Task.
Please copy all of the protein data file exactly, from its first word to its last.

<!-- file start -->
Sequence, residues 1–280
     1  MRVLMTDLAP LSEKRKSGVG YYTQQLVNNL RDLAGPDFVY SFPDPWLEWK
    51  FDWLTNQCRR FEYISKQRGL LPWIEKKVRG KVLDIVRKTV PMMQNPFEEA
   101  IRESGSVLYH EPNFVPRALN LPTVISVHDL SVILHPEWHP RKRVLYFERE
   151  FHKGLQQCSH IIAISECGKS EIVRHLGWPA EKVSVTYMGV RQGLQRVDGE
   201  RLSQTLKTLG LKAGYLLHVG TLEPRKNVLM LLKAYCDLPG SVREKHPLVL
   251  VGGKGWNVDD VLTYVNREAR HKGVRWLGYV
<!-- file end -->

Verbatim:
Sequence, residues 1–280
     1  MRVLMTDLAP LSEKRKSGVG YYTQQLVNNL RDLAGPDFVY SFPDPWLEWK
    51  FDWLTNQCRR FEYISKQRGL LPWIEKKVRG KVLDIVRKTV PMMQNPFEEA
   101  IRESGSVLYH EPNFVPRALN LPTVISVHDL SVILHPEWHP RKRVLYFERE
   151  FHKGLQQCSH IIAISECGKS EIVRHLGWPA EKVSVTYMGV RQGLQRVDGE
   201  RLSQTLKTLG LKAGYLLHVG TLEPRKNVLM LLKAYCDLPG SVREKHPLVL
   251  VGGKGWNVDD VLTYVNREAR HKGVRWLGYV